For many years, EWS has recognized that providing seeds and sharing knowledge go hand-in-hand. In most emerging markets, the relatively poor performance of smallholder farmers can be attributed to high poverty rates, lack of knowledge in using improved varieties, poor cultivation techniques, and weak value chain function.
In this environment, EWS has identified Knowledge Transfer as a necessary precondition for developing new and further strengthening emerging markets, and thus a critical part of the business model. EWS has been supporting pre-commercial, intensive farmer extension programs in Asia and Africa for more than 18 years.
These activities are intrinsically linked to EWS’ business model, based on a win-win between company and farmer. By supporting improved income with smallholder farmers, pre-competitive knowledge transfer creates an environment where the company can be more successful developing a future market.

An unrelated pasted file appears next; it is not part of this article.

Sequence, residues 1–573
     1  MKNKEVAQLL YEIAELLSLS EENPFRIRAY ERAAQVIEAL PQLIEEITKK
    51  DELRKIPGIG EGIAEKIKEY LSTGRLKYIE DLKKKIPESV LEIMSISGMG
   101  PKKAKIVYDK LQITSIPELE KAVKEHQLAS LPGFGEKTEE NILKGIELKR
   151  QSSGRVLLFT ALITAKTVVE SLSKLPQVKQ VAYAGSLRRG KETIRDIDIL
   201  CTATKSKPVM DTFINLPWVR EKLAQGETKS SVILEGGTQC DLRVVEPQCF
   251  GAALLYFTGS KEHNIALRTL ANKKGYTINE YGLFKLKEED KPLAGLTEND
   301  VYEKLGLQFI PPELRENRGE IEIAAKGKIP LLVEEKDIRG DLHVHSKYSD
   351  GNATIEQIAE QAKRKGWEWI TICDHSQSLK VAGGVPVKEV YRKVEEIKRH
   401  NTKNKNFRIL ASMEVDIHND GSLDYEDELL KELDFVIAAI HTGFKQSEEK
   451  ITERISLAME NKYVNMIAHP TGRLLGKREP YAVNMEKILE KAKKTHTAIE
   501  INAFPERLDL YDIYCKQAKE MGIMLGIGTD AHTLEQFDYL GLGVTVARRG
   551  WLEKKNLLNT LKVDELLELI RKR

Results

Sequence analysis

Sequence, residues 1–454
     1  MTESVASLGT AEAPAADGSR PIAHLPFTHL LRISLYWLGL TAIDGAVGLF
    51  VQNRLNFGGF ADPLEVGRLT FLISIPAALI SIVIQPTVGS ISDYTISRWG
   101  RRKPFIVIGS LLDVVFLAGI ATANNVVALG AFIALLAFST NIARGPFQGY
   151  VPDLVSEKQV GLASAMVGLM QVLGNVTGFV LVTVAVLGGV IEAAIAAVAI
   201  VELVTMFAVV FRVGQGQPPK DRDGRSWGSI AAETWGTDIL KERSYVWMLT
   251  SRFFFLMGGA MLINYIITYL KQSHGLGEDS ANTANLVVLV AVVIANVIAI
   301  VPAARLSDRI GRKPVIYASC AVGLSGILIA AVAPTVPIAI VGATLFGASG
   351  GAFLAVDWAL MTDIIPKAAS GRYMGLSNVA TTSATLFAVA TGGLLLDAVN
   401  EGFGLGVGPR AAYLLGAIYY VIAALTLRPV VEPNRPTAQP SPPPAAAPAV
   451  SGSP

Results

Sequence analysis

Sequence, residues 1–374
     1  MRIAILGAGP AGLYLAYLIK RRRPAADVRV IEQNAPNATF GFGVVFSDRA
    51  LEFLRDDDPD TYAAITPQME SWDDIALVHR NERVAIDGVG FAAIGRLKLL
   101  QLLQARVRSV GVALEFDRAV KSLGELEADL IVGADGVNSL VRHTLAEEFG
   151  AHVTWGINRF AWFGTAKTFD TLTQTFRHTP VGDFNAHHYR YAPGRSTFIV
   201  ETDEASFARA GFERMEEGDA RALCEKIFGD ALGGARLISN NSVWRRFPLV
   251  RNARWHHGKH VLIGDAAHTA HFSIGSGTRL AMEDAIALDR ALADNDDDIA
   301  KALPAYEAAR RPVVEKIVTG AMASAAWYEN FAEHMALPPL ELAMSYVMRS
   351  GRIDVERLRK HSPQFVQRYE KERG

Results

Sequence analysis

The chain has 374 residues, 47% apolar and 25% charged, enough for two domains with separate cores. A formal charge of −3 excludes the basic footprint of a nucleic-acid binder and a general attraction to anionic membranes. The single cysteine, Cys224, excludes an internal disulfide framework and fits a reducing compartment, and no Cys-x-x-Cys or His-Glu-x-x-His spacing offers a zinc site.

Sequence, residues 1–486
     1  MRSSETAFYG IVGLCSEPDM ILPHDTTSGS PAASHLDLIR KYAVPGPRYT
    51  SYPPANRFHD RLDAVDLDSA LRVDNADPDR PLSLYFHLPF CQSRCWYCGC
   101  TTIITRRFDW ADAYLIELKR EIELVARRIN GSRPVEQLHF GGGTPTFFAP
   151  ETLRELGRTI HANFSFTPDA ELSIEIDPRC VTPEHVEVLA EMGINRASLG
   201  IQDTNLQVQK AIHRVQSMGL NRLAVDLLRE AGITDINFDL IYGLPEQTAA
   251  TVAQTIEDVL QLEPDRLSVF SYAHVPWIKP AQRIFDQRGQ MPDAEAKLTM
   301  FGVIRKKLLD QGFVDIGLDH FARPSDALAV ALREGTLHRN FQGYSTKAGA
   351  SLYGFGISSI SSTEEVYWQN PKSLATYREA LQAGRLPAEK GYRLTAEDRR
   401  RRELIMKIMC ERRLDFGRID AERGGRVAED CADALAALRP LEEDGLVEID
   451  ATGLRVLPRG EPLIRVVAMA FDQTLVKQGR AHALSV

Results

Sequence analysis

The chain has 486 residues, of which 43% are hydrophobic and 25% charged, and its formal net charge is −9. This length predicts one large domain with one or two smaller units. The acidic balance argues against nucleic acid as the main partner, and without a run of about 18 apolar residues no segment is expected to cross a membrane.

Currently the involvement of women in the company's pre-competitive extension services is approximately 30%. More recently the company is increasingly putting gender targets into specific projects; not just in participation, but also targeting women as key farmers.
Crop & Technical Guides
EWS Technical Working Group has developed a series of modules, training material and high quality planting guides. This material has been developed and tested through years of experience. EWS cooperates closely with Wageningen University to assure recommendations (especially pesticides and fertilizers) promote sustainable production practices.
Crop guides, technical guides and posters are currently available in 18 languages, covering 28 crops and 13 specific topics:
Swahili (East Africa)
English (East Africa)
French (West Africa)
English (West Africa)
Other languages currently in development include Spanish (Guatemala), Sinhala (Sri Lanka), Amharic (Ethiopia), Gujrathi (IN) & Kannada (IN)
The world of east-west seed
Farmers trained annually